The first poll of the Democratic primary race in Florida 5th Congressional District between incumbent Rep. Corrine Brown and former state Senate Al Lawson shows Brown with a slight edge.
When 524 likely Democratic voters were asked who they would vote for, Brown was the choice of 42 percent with Lawson at 37 percent; 21 percent of the voters are undecided.
Brown also has a superior favorable/unfavorable spread to Lawson.
Brown’s favorability comes in at 48 percent, and unfavorability at 19 percent, a range of roughly 2.5:1. She rates highly among all demographics except white voters, where her 34 percent unfavorability exceeds her 22 percent favorable rating.
Lawson, meanwhile, has just 40 percent favorability and 25 percent unfavorability, a spread of not even 2:1. That said, in contrast to Brown’s trouble with white voters, Lawson has no demographics with which his unfavorability exceeds his favorable number.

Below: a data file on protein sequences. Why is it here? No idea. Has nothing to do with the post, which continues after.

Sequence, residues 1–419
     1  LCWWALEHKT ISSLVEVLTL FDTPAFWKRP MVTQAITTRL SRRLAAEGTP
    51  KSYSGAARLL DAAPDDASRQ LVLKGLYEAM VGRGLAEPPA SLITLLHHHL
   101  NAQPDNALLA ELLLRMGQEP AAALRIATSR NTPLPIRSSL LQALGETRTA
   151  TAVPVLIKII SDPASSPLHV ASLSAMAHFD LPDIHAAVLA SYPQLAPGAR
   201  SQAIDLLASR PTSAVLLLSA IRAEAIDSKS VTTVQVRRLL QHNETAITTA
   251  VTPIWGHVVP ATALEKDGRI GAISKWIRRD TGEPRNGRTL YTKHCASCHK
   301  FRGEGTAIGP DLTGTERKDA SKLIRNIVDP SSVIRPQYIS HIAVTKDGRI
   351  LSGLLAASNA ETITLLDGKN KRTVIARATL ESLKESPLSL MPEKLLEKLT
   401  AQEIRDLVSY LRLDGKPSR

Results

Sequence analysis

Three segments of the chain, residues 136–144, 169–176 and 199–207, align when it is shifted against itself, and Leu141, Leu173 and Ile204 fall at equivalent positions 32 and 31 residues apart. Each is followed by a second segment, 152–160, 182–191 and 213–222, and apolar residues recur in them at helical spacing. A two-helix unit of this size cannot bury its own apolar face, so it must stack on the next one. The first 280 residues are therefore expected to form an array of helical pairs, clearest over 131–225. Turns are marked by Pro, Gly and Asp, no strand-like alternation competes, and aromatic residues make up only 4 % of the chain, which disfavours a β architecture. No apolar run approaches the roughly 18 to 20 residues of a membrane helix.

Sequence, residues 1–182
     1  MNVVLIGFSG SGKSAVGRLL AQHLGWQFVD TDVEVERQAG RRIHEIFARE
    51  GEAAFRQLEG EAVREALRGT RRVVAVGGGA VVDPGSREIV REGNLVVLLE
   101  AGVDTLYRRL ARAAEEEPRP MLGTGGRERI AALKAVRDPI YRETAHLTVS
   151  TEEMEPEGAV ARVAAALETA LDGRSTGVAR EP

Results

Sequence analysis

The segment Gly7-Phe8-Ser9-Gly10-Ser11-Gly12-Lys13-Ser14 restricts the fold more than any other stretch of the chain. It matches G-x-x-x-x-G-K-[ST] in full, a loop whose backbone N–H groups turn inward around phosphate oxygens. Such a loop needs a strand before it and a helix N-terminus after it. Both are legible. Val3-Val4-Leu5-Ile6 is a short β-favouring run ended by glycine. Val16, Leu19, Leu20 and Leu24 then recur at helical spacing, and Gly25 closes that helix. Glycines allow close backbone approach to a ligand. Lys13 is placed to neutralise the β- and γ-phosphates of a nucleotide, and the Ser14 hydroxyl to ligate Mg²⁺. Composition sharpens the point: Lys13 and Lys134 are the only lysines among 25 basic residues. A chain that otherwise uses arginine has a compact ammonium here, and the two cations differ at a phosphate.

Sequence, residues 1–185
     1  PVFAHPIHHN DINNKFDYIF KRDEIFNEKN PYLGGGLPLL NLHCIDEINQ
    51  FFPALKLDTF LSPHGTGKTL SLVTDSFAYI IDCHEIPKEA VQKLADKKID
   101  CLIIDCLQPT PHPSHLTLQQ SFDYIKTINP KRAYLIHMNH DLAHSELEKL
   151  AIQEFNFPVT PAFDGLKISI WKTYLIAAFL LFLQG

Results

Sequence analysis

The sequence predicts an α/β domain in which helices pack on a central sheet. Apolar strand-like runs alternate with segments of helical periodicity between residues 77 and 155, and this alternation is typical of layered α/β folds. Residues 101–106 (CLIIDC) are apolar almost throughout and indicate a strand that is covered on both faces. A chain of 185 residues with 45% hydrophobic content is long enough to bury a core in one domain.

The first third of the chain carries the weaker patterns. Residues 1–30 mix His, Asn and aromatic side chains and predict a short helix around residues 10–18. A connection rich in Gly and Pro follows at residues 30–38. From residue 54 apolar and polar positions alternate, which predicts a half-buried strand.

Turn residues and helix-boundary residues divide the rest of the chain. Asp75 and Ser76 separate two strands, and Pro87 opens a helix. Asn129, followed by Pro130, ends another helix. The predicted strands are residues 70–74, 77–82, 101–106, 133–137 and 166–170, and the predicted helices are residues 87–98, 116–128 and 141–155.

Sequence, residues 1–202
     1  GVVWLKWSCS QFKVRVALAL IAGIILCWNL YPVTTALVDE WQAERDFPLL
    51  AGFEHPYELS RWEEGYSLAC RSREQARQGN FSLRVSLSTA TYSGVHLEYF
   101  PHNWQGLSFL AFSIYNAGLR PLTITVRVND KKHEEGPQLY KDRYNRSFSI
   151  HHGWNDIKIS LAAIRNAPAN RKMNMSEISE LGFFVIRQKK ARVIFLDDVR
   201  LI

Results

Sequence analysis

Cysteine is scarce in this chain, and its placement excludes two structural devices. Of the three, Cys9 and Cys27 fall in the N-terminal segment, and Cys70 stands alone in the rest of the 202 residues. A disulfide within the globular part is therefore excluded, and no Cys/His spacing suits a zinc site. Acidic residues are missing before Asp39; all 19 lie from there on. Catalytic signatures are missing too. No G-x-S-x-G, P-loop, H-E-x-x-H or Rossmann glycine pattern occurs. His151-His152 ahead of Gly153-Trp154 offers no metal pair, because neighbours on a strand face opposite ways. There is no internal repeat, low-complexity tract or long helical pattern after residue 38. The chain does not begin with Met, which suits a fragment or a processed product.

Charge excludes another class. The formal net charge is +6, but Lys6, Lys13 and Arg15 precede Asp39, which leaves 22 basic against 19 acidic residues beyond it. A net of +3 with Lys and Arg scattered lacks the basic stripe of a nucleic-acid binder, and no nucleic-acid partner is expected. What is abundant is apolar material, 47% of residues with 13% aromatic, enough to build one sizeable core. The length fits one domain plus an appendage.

Each candidate had roughly a third of voters who had no position on either candidate.
Racial breakdowns in the contest present the starkest contrast.
Lawson, who is African-American, was the preferred candidate of 52 percent of whites, with Brown holding the support of just 20 percent of that demographic. The balance of whites are undecided.
Among African-American voters, meanwhile, Brown holds a commanding 52 to 30 percent advantage over her challenger, with the remainder undecided.
Another interesting trend: the older the voter, the more likely they support Brown.
Lawson leads Brown 46 to 29 percent among the 18 to 29-year-old age group, and is tied with Brown with 40 percent support each among the 30 to 49-year-olds.
Yet, the Over 50s are Brown’s to lose. Brown leads Lawson 48 to 38 percent with those who are 50 to 69 years old. With voters 70 and over, however, Brown’s lead is only 37 to 32 percent.
Brown holds a slight lead over Lawson among members of both genders.
Among men, Brown is up 43 to 37 percent. And among women, a similar lead: 42 to 36 percent.
The poll was conducted April 25 via an automated phone call system, encompassing only registered Democrats who voted in the 2012 or 2014 primary election.